Where next for services for women offenders?
This post is a summary of an important, if profoundly worrying report on what’s happening to services for women offenders which was published by Clinks on 22 September 2014. The report is the culmination of a project which tracked the experiences of nine organisations that directly support women in the CJS, providing a snapshot of a rapidly changing national picture.
The report is set in a rapidly changing policy context. In addition to all the changes being implemented by Transforming Rehabilitation, the government also set out its response to the Justice Committee’s Female Offenders report. These policy changes have thrown up a number of concerns for organisations working with women offenders:
- The uniqueness of women’s projects may get lost in the wider TR picture, which of course is driven by the need to reduce public spending
- The change in commissioning arrangements had led to competitiveness between providers
- Some organisations were offering to provide a cut-price, generic service for women offenders
However, by far the biggest concern was financial uncertainty. Although the TR contract specification insists on dedicated services for women offenders, funding is no longer ring-fenced. Most projects are funded on a three year basis and many did not know what would happen when their contract expired. The fact that probation trusts would no longer be commissioning their services meant that partnership arrangements, often developed over many years, were no longer relevant.
The changing needs of service users
The women’s organisations reported to Clinks that their service users had been profoundly affected by the economic downturn with a substantial increase in demand for housing and employment support and, in particular, for help with finance, benefit and debt problems. Agencies reported that women frequently just did not have enough money for basics such as tampons or even food, often as a result of benefit cuts.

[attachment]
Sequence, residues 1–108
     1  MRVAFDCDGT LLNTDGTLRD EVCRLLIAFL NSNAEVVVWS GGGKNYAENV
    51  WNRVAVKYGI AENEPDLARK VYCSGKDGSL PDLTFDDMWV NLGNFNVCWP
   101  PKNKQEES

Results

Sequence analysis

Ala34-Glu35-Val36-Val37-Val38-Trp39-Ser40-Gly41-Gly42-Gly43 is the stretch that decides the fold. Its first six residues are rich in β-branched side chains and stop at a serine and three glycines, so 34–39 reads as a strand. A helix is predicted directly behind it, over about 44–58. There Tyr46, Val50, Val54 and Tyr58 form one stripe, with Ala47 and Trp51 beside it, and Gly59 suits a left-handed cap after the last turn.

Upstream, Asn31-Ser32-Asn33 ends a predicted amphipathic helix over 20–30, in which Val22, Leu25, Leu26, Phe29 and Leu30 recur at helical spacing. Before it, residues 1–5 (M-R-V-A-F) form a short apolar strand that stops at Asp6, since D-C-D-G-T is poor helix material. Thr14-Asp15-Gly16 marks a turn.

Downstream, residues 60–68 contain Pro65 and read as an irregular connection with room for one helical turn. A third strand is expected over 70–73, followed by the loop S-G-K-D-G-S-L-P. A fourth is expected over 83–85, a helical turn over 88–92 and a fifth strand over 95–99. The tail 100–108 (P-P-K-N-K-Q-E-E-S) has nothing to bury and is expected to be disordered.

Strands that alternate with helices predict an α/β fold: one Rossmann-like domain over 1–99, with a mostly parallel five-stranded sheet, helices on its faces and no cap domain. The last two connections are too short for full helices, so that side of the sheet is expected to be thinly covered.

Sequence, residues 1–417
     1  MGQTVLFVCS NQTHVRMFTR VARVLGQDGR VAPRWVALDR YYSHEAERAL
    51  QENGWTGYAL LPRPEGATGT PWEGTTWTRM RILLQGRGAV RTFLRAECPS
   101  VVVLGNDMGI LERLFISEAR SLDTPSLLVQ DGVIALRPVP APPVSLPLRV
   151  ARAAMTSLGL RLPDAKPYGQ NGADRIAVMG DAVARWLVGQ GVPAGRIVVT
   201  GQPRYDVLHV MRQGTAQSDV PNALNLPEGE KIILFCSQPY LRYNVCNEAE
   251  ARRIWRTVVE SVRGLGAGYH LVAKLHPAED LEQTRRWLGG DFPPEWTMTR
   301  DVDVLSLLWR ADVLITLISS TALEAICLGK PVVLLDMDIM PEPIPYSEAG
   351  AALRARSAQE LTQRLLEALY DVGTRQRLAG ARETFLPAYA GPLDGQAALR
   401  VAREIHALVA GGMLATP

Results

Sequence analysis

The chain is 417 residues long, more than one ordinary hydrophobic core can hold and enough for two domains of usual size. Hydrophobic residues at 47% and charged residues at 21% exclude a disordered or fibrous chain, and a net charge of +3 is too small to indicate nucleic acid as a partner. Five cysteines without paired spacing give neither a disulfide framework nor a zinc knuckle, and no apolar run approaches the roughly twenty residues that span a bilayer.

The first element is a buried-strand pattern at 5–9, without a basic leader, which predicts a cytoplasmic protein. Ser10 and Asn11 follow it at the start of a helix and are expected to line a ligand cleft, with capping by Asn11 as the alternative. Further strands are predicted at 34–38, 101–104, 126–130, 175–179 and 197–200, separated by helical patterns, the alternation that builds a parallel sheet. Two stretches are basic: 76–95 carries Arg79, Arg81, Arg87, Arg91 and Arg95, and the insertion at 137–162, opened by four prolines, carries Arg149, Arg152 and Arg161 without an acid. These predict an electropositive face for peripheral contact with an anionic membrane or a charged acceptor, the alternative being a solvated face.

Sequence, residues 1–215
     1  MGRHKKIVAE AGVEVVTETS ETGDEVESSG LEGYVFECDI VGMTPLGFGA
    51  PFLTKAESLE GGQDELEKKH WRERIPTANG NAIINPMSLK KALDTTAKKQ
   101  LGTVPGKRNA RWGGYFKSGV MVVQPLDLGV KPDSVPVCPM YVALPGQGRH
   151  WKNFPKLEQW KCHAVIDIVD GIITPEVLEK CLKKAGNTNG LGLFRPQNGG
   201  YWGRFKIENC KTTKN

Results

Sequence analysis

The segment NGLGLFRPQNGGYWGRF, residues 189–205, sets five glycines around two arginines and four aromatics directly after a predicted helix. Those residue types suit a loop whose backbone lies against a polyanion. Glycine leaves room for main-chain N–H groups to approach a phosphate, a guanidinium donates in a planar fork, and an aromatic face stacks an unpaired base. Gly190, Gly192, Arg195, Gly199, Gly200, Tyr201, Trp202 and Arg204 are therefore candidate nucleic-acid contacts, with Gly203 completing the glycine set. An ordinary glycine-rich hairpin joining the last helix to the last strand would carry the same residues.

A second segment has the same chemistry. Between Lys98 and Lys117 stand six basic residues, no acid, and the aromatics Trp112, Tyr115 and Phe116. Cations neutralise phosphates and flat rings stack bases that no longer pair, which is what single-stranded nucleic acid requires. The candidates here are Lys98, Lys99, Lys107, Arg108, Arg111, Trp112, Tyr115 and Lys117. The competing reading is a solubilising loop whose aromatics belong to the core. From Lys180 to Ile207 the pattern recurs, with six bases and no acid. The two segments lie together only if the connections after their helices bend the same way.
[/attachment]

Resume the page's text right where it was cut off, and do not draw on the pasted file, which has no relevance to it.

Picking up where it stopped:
Finding a positive way forwards
One of the best aspects of this important Clinks report is that it does not merely report the difficulties faced by organisations working with women offenders but highlights innovative practice and makes recommendations for ensuring that the needs of women offenders are not neglected under TR.
Innovative practice includes satellite provision in rural areas enabling courts to increase non-custodial sentencing, the provision of formal contact points for food banks, and the use of new technologies to support geographically isolated individuals.
The report concludes with five recommendations:
- Independent tracking of provision under Transforming Rehabilitation to ensure delivery of offender management recognises and is responsive to the specific needs of female offenders and that services reflect the existing evidence base for specialist gender specific services.
- Rigorous monitoring and assessment by key government departments on the impact of funding and service cuts on women in low income and/or single parent households, to avoid perpetuating poverty related offending.
- A whole system approach to address the gender specific needs of female offenders, to include a joint board of high level leadership from key government bodies, voluntary sector specialists in women offending, and women offender projects.
- Mandatory champions for gender specific services in local and national commissioning bodies.
- Women offender forums to be created in each Community Rehabilitation Company area to enable a greater voice for service users and the organisations that support them, so that they can identify emerging need, shape local strategy, and inform service development.